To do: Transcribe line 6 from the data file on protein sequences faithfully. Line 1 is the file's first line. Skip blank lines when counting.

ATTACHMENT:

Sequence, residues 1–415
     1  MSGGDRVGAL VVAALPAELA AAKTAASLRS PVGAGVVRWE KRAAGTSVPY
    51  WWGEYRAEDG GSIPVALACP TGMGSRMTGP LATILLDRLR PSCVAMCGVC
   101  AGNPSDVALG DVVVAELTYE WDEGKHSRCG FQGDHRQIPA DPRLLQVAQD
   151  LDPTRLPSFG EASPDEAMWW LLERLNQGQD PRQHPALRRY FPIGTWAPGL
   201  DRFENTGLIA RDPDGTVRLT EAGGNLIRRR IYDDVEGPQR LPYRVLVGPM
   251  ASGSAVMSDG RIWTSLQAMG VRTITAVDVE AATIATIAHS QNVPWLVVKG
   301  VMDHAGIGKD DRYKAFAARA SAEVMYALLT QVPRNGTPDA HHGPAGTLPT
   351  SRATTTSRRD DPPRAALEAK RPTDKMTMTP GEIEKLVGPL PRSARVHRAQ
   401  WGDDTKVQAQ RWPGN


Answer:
   201  DRFENTGLIA RDPDGTVRLT EAGGNLIRRR IYDDVEGPQR LPYRVLVGPM